CHICAGO, Ill. (Ivanhoe Newswire) — Hip problems are on the rise and so are hip replacements. Between 2000 and 2010, the number of hip replacement procedures more than doubled. Doctors are looking for alternatives to this major operation; especially for young, active patients. Now, a newer procedure can ease the pain for some.
Photographer Marie Christine Genero is always looking for the perfect shot. But a few years ago, hip pain prevented her from getting it.
“It was a dull, deep pain in the hip. Since I had that pain, I wasn’t going down in the positions that I usually do.” Genero explained.
She also had to give up many of her favorite activities.
“Boxing, circuit training, snowboarding, running, so just a ton of stuff that I love doing,” Genaro said.
Marie Christine had a femoroacetabular impingement or FAI for short. It happens when bones in the hip change shape and rub together, and is commonly seen in young, active people.
“So, the ball and socket kind of change shape in response to repetitive activities and loadings that’s going on in the joint.” Shane J. Nho, MD, MS, an Orthopedic Surgeon at Midwest Orthopaedics at Rush told Ivanhoe. (Read Full Interview)
Doctor Nho performs a procedure called hip arthroscopy to solve the problem. First, he makes tiny incisions and repairs any damage. Then, he works on the abnormal bone shape.
“Most importantly, we have to shave down the bone so that the ball and socket articulate more smoothly.” Dr. Nho explained.
The surgery only takes about an hour and a half, but the recovery can be six months or more! Doctor Nho says because the procedure is newer, the long-term outcomes aren’t known. The hope is that arthroscopy can prolong the need for a hip replacement in young patients.
Marie Christine had the procedure about nine months ago, and now, she can snap away!
Doctor Nho says hip arthroscopy is considered a newer procedure, and not all doctors are trained to perform it. For more information on the surgery, go to hipsforlife.org.
Contributors to this news report include: Cyndy McGrath, Supervising Producer; Julie Marks, Field Producer; Gabriella Battistiol, Assistant Producer; Roque Correa, Editor.
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TOPIC: HEALING HIPS, NOT REPLACING THEM
REPORT: MB #4293
BACKGROUND: In a healthy hip, a thin tissue membrane surrounds the hip joint and creates a small amount of fluid that lubricates the cartilage and eliminates friction during hip movement. Ligaments connect the ball to the socket and provide stability to the joint. Femoroacetabular impingement is a condition where extra bone grows along the bone that forms the hip joint. Because they do not fit perfectly, the bones rub against each other during movement and this friction can damage the joint, causing pain and limiting a patient’s activity. There are three types of FAI; pincer, cam, and combined impingement. Pincer occurs when the extra bone extends over the normal rim of the acetabulum, resulting in the labrum being crushed. Cam happens when the femoral head is not round and cannot rotate smoothly, causing a bump to form on the edge of the head that grinds the cartilage. Finally, combined means that both the cam and pincer types are present.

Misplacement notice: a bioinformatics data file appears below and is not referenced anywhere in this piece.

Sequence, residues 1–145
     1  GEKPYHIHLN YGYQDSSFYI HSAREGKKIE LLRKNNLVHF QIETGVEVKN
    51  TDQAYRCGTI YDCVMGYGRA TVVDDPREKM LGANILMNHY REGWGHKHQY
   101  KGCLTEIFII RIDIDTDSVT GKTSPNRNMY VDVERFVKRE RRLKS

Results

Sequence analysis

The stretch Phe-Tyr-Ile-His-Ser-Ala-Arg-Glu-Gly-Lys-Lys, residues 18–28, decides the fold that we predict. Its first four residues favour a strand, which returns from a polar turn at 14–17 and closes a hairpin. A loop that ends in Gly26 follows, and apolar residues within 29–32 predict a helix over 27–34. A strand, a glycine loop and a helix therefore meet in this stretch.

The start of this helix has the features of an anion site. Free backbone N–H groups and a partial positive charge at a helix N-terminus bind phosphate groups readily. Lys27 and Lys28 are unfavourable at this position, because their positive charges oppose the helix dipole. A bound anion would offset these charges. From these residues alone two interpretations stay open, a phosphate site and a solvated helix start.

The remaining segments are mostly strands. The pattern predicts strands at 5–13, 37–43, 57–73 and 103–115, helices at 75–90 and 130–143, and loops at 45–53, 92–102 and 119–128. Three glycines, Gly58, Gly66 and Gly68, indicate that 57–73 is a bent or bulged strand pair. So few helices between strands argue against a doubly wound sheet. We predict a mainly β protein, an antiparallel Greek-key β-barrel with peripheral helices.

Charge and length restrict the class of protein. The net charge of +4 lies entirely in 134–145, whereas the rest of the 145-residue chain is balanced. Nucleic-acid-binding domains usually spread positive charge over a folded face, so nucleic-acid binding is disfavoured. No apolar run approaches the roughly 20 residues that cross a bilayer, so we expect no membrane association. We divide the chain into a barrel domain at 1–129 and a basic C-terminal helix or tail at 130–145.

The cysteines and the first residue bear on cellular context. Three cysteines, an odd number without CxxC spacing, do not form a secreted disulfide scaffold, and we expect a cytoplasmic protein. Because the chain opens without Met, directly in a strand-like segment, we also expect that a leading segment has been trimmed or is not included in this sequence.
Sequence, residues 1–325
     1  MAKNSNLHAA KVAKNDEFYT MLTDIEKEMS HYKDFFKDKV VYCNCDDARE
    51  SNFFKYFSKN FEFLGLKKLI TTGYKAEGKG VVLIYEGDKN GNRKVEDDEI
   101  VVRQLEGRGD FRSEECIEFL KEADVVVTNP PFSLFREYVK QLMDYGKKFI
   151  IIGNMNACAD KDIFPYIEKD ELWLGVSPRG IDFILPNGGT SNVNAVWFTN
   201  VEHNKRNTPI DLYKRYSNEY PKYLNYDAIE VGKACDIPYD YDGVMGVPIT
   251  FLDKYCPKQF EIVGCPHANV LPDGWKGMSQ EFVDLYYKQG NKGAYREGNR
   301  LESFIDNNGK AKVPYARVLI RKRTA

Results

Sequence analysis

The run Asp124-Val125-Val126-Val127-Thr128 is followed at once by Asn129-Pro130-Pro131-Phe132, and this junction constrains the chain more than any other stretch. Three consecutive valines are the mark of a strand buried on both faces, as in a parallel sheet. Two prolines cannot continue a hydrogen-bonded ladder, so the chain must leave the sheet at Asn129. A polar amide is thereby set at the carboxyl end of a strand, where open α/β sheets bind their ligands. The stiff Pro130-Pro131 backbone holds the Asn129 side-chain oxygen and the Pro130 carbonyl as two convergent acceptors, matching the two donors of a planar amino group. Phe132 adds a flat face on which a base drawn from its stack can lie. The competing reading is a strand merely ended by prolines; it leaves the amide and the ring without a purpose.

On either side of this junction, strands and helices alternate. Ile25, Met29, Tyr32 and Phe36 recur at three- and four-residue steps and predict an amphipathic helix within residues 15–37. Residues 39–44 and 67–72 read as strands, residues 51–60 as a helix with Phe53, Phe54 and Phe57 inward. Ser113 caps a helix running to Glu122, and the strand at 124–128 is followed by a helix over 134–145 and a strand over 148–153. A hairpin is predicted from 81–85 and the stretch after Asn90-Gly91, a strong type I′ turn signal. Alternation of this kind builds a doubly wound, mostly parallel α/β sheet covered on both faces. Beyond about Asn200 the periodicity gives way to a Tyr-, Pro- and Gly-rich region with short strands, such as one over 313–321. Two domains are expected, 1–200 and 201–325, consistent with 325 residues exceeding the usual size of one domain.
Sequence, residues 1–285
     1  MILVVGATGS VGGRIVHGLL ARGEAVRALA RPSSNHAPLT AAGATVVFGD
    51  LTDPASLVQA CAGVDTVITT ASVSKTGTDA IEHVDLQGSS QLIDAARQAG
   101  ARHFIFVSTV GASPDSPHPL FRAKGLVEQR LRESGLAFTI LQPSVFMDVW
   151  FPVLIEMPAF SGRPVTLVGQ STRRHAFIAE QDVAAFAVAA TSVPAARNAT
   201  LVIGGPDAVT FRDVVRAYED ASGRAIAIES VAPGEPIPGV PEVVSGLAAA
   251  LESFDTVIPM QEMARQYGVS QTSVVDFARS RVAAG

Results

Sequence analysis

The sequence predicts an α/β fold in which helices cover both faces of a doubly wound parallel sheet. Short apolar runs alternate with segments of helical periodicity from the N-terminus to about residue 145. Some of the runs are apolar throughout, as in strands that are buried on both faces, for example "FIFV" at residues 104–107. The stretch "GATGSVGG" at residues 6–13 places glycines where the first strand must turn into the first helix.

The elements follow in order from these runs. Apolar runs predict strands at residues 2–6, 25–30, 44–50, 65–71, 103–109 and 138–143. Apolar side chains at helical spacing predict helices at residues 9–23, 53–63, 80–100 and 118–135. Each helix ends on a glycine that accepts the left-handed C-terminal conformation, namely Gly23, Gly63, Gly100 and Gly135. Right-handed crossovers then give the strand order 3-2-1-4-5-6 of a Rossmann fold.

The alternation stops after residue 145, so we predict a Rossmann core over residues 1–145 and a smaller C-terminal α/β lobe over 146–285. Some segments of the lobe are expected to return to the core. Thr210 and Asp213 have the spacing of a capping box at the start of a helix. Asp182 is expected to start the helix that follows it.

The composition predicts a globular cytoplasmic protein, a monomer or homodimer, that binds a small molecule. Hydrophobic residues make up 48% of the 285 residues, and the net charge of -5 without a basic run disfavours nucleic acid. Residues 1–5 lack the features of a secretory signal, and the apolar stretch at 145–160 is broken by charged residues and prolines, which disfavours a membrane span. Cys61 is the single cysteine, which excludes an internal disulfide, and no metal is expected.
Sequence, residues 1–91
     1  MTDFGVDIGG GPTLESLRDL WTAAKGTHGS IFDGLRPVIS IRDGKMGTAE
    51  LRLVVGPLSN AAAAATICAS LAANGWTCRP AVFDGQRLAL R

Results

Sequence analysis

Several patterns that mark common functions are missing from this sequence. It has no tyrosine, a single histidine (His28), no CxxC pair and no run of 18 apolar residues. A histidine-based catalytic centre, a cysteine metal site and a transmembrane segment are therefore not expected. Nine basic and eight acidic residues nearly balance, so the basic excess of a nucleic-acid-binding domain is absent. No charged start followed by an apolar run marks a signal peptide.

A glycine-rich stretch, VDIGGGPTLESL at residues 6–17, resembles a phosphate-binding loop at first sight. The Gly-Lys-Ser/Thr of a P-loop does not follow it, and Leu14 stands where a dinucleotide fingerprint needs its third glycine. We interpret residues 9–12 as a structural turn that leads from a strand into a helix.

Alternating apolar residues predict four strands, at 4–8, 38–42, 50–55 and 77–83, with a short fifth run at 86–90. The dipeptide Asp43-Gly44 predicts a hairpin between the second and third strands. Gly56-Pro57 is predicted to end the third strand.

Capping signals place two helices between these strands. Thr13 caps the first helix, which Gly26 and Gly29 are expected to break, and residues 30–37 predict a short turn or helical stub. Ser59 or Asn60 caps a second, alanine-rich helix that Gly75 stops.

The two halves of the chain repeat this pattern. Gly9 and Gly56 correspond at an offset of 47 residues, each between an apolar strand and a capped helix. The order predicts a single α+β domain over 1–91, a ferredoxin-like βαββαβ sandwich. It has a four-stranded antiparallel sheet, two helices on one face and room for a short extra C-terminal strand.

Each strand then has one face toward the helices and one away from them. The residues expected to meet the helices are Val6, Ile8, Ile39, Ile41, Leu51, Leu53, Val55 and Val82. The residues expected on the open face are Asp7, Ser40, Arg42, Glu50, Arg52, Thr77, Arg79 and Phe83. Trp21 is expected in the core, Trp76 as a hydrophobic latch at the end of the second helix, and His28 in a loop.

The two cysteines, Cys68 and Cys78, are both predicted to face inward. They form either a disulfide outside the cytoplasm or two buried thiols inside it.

TREATMENT: Since there is no absolute age or weight restrictions for a total hip replacement, recommendations for the surgery are based on pain and disability. Most patients who undergo the surgery range from age 50 to 80. Surgery is recommended for patients with the following symptoms; hip pain that limits everyday activities like walking, pain that continues while resting day and night, stiffness that limits the ability for a patient to move or lift their leg, and failure to suppress pain with anti-inflammatory drugs, physical therapy, or walking support. Orthopaedic evaluation for a total hip replacement surgery may include medical history, a full physical examination, X-rays and other tests such as MRI scans.
HIP ARTHROSCOPY: Hip arthroscopy may be an alternative to a total hip replacement, especially for young and/or active patients. It is a surgical procedure that allows doctors to examine the hip joint without making a large incision through the skin and other soft tissue. A surgeon performing this procedure inserts a small camera into the hip joint. Then using miniature surgical instruments, a surgeon will identify and evaluate the damage before beginning any specific treatments. Once the problem is clearly identified, more instruments will be used through separate incisions to repair it. Procedures can include smoothing off torn cartilage or repairing it, trimming bone spurs caused by FAI, and removing inflamed tissue. Special instruments are used for tasks such as cutting, shaving, grasping, suture passing and knot tying as well as anchor stitches into the bone. Complications are very uncommon, recovery can take upwards of 6 months.
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